After the underworld, there was a kind of void in Arthur’s life where excitement
and adrenalin-pumped gangland action had once stood. This frequently drew him
back into menacing behaviour at the racetracks and may have led him to his role
as a leader of a group of strikebreakers in the General Strike of 1926. He hired
a crew of mainly Irish, very tough men who scared the dockers back into work.
In the ‘hungry thirties’ plenty of houses had dusty old gold jewellry knocking
about which was worth a lot of money. Arthur decided to travel the country making
a living from it, assessing the value there and then, and offering a price which
was often very dishonest, especially if the seller wasn’t very clued up. The period
was so prosperous for Arthur that he bought a house in Leyton and moved out of
the East End for good.
The Second World War saw Arthur as a warden and wardrobe dealer. His mother was
bombed out of Gibraltar Cottages, moved just round the corner and died soon after.
His sister couldn’t face living in the same house and so Arthur bought a shop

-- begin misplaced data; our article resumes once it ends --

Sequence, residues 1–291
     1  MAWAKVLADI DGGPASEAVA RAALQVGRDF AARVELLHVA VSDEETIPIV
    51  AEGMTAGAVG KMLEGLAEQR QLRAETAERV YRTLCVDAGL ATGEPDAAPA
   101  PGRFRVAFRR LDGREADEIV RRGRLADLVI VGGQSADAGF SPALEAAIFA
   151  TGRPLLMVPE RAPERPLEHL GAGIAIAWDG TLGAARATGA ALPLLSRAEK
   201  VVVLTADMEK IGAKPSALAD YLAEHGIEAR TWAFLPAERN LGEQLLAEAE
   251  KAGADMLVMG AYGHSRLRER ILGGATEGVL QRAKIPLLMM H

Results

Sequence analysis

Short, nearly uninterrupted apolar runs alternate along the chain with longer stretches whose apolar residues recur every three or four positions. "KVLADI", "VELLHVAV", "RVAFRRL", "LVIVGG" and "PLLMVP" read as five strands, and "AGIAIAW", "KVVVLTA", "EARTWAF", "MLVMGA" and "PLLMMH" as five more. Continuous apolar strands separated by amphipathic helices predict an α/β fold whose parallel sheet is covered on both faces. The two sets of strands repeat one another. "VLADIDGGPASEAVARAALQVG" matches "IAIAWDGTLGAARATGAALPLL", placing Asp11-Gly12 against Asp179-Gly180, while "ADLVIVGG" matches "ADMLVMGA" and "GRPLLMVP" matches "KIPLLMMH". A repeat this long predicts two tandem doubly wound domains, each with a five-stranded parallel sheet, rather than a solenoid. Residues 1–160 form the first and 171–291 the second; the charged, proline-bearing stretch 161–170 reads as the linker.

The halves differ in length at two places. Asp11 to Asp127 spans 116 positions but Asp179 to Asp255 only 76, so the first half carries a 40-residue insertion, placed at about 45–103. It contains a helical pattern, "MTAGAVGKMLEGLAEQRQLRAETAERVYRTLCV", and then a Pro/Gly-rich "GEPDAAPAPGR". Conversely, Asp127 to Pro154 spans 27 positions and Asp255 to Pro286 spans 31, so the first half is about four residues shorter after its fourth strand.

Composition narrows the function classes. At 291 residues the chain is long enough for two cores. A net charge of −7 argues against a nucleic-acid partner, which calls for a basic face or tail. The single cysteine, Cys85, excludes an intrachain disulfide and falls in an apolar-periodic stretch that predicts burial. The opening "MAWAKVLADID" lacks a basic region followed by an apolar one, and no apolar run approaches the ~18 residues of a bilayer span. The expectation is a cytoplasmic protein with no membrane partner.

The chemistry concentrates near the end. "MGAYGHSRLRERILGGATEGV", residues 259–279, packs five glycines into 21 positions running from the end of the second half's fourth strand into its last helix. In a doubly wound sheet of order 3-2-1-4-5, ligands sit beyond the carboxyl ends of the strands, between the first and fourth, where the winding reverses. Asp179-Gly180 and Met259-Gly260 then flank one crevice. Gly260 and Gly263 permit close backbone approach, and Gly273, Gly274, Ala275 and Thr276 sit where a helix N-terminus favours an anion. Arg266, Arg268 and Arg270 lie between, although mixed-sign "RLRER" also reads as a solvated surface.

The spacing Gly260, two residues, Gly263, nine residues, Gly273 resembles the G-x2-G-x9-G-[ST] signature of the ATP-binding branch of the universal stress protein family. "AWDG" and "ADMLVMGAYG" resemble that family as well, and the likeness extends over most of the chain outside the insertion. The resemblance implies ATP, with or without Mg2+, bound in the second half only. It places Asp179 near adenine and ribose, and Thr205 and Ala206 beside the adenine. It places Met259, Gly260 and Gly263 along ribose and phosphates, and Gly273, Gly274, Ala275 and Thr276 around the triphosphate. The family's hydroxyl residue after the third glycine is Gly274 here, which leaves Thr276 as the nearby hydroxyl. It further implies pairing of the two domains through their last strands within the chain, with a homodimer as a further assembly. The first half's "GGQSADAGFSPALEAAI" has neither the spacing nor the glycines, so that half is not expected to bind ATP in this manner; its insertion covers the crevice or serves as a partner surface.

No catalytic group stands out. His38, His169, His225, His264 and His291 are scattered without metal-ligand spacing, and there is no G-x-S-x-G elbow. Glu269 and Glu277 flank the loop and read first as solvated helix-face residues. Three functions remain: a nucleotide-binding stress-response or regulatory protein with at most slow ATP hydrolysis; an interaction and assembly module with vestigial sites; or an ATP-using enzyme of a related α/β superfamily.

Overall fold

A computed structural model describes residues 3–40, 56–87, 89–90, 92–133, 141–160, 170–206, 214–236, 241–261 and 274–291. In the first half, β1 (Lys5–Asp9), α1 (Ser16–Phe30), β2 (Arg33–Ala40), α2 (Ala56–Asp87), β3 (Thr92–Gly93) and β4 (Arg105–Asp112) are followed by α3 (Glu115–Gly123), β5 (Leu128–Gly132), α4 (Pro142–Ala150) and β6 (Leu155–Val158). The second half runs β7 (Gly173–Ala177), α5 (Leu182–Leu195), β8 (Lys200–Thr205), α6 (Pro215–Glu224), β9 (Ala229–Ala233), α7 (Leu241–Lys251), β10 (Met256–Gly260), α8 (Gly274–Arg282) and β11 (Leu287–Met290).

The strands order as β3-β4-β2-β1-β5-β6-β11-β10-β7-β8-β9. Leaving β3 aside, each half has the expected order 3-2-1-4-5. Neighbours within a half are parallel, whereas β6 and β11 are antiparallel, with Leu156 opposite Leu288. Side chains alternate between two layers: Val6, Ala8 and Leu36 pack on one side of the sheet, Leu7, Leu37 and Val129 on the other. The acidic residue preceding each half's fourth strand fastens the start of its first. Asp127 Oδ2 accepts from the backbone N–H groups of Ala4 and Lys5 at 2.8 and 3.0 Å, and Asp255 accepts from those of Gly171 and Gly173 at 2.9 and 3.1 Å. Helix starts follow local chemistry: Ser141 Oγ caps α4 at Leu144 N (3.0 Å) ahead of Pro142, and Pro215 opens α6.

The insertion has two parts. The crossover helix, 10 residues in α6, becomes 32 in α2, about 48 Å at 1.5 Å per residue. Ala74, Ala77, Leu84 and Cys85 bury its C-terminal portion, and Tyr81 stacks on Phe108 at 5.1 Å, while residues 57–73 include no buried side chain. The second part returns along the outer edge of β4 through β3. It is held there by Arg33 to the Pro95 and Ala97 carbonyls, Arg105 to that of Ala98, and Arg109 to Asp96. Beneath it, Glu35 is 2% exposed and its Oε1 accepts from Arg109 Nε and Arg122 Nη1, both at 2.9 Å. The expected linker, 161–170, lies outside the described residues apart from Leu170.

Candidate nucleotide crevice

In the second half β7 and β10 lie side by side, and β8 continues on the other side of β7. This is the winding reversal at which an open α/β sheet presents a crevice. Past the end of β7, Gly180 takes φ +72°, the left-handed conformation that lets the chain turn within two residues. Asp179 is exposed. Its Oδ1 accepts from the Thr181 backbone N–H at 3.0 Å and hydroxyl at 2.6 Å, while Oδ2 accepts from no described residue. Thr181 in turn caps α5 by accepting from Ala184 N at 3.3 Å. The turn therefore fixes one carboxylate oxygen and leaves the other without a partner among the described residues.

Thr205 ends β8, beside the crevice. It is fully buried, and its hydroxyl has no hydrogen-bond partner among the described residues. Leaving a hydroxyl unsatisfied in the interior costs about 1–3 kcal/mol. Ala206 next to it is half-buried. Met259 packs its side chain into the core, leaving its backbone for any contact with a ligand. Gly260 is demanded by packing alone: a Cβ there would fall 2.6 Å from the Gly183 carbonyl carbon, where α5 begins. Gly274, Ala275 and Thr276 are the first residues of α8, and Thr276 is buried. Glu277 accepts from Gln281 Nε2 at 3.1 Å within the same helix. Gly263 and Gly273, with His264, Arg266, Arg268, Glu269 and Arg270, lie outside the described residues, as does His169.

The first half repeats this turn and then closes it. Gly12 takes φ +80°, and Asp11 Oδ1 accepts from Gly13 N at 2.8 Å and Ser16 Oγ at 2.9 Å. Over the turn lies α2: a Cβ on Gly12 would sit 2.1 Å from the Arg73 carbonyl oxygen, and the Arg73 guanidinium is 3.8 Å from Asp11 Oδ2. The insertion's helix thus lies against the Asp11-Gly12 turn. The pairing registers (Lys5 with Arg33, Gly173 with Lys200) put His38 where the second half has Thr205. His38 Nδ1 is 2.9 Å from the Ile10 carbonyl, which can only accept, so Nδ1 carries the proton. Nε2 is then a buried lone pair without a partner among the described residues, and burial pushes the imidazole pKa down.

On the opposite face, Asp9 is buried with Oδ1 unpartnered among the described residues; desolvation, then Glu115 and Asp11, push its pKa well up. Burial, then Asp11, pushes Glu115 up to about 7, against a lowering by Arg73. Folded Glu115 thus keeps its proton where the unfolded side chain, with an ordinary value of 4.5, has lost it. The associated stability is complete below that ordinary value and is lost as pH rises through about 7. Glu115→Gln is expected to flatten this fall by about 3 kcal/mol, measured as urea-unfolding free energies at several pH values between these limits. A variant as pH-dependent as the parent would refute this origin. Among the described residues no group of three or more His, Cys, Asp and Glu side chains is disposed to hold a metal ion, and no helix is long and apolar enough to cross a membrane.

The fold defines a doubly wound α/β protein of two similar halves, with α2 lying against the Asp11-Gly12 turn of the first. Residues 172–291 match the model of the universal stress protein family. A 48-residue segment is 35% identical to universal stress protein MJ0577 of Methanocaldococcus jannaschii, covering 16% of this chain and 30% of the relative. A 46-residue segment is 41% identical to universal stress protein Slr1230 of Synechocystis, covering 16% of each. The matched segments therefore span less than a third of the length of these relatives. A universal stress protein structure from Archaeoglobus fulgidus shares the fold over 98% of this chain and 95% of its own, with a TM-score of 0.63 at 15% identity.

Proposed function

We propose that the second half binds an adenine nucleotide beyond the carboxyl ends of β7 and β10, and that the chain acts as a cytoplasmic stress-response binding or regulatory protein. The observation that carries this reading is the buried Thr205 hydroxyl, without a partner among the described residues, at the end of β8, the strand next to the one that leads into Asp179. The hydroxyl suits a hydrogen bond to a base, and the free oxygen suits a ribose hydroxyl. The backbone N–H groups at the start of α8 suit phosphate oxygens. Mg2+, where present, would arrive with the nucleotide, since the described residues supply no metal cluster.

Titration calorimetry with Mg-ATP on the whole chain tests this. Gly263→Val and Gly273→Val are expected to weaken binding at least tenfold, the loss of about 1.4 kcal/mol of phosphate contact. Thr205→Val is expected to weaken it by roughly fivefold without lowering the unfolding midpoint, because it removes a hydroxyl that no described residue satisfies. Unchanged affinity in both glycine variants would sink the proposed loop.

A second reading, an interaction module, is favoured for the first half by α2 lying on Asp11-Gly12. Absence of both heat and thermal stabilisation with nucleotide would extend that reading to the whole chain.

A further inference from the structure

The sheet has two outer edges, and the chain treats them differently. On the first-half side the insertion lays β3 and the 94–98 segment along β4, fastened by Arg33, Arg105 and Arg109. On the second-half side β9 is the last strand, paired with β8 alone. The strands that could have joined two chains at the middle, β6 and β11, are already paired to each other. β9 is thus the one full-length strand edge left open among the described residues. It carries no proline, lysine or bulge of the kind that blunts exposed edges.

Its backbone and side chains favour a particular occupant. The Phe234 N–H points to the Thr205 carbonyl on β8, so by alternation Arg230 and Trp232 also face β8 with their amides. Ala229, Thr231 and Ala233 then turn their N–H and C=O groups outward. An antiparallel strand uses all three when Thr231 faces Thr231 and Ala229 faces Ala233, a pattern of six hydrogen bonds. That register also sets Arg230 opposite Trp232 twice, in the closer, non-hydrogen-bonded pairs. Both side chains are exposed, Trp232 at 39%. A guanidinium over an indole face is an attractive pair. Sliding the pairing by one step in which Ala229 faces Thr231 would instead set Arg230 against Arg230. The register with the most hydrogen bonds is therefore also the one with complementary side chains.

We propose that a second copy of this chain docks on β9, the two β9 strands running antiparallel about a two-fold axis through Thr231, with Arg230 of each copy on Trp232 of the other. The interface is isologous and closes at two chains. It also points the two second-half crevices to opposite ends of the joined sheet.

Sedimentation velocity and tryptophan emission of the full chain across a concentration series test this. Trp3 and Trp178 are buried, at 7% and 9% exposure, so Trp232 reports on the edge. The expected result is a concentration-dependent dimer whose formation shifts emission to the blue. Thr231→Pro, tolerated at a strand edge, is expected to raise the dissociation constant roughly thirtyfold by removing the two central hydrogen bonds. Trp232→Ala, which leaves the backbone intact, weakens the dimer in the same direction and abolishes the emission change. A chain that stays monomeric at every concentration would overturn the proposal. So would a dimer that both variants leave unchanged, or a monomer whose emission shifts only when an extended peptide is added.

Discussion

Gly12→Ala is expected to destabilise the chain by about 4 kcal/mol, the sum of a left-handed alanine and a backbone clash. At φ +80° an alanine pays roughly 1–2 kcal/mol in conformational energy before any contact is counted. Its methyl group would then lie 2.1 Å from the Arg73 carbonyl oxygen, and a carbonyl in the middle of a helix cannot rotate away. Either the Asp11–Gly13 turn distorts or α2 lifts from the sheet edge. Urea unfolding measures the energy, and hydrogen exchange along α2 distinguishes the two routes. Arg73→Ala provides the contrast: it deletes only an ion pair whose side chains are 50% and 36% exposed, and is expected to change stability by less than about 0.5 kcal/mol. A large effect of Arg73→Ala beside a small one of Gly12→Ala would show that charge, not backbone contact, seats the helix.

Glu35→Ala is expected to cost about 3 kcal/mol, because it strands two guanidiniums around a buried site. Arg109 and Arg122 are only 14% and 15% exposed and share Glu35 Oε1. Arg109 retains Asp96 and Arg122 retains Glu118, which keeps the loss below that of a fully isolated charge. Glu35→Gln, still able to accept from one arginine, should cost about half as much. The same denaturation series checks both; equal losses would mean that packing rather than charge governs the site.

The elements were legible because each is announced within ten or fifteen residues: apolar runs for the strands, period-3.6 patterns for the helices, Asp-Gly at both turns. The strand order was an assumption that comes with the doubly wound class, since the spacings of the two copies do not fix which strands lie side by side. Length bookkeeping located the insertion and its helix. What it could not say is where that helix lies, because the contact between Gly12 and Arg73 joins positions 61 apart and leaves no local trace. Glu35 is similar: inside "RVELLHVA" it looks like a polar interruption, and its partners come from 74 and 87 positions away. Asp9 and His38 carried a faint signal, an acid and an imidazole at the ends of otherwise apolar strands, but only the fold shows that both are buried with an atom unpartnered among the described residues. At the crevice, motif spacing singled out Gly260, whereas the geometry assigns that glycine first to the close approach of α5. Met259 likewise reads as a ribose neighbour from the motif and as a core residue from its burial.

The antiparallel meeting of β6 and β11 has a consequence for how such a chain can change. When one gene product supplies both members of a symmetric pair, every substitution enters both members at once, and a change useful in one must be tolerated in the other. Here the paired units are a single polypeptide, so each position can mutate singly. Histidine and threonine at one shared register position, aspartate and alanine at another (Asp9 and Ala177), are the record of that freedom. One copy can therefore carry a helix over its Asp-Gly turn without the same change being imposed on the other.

at 250 Brick Lane and let his sister live upstairs. He also did a good trade in
buying and selling stolen clothing coupons used for rationing, and earned enough
to pay off his mortgage. Find out more
In the 1950s Arthur was an associate of Oswald Mosley and the BUF (British Union of Fascists), though he never wore the black shirt that so many
of his followers did. The whole Mosley crowd called him ‘Uncle’, including Mosley
himself at one stage. He joined because of want for excitement without getting
mixed up in criminality and was, in his own opinion, ‘certainly no racist’, believing
firmly that each human being is fundamentally the same as another.
The years after Arthur’s retreat from the underworld were long and fruitful.
He had six children in total and stayed with his adored wife for 43 years until
she died in 1967. Arthur died an old man in 1981 at the age of 95, just a few
months after he saw Raphael Samuel’s book ‘East End Underworld’ about the his
life come into print.
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